Pecos Ruins, near Union camp.

Pyron again began to abandon his position. He limbered his guns and, as they were withdrawing, Chivington’s Union cavalry, nearly 100-strong, charged down the Trail towards the Confederate ranks. The Rebels fired, hitting a few, but this barely slowed them down. As they chased them, they came to a bend in the road, halting to exchange fire.6

Across the canyon floor and across the Santa Fe Trail ran an arroyo, a fifteen foot wide dry stream bed, spanned by a rickety wooden bridge. The boards were quickly chopped up and removed in hopes that this gully would stop the Federal advance. But it was not to be.

Twenty years after the battle, Chivington embellished the scene, writing that all but one of the horses made the leap, landing among the Rebels, “shooting them with their revolvers, clubbing them, sabering them and slaughtering them generally, just spreading destruction among them.”

In reality, Pyron found another fine defensive position and the cavalry decided that they were too far away from the main body to risk an attack. They returned to their commander, the battle at an end.7

Col. Scurry

This was the first Rebel defeat in the New Mexico Campaign. They lost four killed, six wounded and about seventy captured. The Union troops, with an advantage in number, lost five killed, fourteen wounded and three missing.8

Pyron had lost almost a third of his command, and fell back to his old camp at the western mouth of the canyon. Chivington fell back even farther to the old Pecos ruins and his commander, Col. Slough.

Before the battle was over, the Confederate messenger arrived at Col. Scurry’s camp, sixteen miles south in Galisteo. Wasting no time, Scurry formed up his 1,000 troops and began their difficult march north to Apache Canyon. The hills were so steep that in places the men had to pull the cannons, as the horses could not. They arrived around 3:30am, placing their supply wagons a full six miles to the rear of Pyron’s camp.

There, they dug in and awaited the dawn and the inevitable Federal attack.9



  1. Blood & Treasure by Donals S. Frazier. []
  2. The Battle of Glorieta Pass by Thomas S. Edrington and John Taylor. []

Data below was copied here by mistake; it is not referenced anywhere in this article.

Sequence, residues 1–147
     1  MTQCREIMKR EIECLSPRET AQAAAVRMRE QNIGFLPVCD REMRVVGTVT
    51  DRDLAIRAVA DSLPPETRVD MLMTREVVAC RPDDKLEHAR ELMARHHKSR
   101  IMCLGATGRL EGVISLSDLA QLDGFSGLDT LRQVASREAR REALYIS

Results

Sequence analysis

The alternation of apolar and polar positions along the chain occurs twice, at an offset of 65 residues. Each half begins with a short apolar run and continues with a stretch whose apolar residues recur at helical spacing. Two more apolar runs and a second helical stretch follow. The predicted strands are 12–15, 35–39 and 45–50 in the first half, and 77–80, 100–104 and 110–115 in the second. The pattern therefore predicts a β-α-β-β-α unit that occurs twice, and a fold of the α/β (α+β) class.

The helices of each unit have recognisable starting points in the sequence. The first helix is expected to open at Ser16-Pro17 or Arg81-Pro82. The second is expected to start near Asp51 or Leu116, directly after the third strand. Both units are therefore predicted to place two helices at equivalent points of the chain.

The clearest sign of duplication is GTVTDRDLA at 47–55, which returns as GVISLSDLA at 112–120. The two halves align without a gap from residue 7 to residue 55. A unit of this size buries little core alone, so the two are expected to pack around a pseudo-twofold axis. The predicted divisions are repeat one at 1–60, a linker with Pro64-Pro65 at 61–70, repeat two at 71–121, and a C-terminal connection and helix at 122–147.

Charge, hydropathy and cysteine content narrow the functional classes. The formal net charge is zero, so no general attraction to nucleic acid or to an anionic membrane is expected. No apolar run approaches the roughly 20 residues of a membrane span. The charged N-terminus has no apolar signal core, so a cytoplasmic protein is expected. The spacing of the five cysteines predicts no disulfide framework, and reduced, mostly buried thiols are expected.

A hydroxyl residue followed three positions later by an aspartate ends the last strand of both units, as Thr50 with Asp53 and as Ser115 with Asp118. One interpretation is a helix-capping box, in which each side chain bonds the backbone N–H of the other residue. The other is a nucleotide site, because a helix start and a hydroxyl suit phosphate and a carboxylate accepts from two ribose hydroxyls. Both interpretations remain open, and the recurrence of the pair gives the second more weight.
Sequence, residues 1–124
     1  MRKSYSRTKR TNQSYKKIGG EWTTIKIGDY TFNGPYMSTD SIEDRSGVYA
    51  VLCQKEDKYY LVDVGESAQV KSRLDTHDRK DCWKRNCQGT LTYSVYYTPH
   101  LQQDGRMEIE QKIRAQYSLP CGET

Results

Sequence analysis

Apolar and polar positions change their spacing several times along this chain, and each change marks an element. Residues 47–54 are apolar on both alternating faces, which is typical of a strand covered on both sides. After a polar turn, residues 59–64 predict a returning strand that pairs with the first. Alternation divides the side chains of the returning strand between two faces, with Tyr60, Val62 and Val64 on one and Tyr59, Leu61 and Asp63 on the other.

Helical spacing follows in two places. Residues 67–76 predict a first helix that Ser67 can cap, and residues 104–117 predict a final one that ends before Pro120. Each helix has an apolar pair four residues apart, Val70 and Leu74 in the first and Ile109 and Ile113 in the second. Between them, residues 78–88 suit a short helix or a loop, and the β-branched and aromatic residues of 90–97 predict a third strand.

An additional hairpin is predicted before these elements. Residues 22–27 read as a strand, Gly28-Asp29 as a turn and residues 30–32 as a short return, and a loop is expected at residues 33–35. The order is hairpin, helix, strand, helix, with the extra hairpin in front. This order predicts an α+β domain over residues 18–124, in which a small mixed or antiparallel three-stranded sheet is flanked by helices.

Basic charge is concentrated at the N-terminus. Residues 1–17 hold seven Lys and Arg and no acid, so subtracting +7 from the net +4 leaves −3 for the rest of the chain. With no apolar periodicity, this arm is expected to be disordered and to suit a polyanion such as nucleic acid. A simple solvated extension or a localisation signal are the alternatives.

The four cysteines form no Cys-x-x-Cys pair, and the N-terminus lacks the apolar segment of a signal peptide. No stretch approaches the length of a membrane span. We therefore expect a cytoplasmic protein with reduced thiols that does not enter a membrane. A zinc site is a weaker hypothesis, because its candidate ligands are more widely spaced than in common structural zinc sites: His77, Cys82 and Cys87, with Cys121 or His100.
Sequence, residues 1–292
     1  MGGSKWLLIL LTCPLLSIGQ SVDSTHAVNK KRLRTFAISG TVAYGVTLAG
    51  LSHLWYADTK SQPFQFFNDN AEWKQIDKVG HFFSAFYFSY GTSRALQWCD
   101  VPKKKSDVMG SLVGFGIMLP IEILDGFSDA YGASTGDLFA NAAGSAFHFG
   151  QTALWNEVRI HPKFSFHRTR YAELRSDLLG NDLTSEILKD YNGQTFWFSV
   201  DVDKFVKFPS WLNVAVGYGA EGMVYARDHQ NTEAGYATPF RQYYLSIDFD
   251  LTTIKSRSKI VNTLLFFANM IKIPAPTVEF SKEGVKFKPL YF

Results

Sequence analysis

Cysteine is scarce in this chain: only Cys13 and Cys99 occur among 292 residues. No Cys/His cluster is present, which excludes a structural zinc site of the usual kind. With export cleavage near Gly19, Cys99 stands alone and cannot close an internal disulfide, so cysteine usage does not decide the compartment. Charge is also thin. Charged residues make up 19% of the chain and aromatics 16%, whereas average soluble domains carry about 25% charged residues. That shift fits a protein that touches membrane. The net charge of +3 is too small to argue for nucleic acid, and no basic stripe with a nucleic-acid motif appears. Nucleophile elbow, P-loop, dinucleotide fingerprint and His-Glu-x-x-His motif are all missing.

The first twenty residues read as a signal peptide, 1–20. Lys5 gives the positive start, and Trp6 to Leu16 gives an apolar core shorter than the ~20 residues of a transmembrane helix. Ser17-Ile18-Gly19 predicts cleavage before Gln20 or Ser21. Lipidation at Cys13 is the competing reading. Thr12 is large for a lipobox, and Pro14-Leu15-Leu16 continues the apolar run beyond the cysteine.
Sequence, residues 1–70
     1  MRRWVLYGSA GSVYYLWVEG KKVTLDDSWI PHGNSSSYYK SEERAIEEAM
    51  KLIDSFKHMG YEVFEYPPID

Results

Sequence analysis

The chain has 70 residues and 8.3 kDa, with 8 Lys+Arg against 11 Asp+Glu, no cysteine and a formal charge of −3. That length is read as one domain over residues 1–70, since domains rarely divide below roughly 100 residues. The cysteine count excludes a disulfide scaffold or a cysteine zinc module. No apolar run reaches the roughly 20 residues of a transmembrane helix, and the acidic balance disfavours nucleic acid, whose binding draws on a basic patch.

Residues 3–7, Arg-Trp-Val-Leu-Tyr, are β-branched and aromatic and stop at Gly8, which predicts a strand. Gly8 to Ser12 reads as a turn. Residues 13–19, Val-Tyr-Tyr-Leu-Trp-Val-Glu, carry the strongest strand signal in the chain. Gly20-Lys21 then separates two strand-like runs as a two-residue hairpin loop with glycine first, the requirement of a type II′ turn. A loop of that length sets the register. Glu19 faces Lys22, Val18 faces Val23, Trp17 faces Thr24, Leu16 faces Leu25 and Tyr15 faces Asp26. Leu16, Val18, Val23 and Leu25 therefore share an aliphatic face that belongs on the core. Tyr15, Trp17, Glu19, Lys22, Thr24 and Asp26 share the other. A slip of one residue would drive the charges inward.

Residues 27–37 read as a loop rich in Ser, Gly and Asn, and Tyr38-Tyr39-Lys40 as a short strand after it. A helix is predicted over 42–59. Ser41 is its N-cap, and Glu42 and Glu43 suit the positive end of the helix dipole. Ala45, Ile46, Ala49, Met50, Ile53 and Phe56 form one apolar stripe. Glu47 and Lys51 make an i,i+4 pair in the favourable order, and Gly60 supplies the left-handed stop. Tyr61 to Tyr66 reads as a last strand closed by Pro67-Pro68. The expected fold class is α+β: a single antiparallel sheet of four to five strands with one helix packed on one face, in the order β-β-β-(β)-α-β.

3. Sibley’s New Mexico Campaign by Martin Hardwick Hall. Edrington and Taylor claim that both groups of pickets met, but each ran the other way and no prisoners were taken. []
  4. The Battle of Glorieta Pass by Thomas S. Edrington and John Taylor. []
  5. Blood & Treasure by Donals S. Frazier. []
  6. Sibley’s New Mexico Campaign by Martin Hardwick Hall. []
  7. The Battle of Glorieta Pass by Thomas S. Edrington and John Taylor. Chivington’s quotes come from this fine book as well. []
  8. Sibley’s New Mexico Campaign by Martin Hardwick Hall. Edrington and Taylor put the Rebel losses at three killed and one wounded, with an indeterminable amount of prisoners. []
  9. Official Records, Series 1, Vol. 9, p542-542 (Scurry’s Report). []
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The Water Begins to Recede for the Rebels in Apache Canyon by CW DG is licensed under a Creative Commons Attribution-NonCommercial-NoDerivs 4.0 International

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4 thoughts on “The Water Begins to Recede for the Rebels in Apache Canyon

  1. Riviting account of the Battle of Apache Canyon…your web page is the gift that keeps on giving. Love this discussion of the War in the Southwest. Please keep them coming…

    H
    H
    H

  2. Eric:

    I was thinking recently that as the 150th of Civil War winds down (April 2015) that you could start on the 75th of the US involvement in WW 2. Dec 7 2016.

    Dave Boyes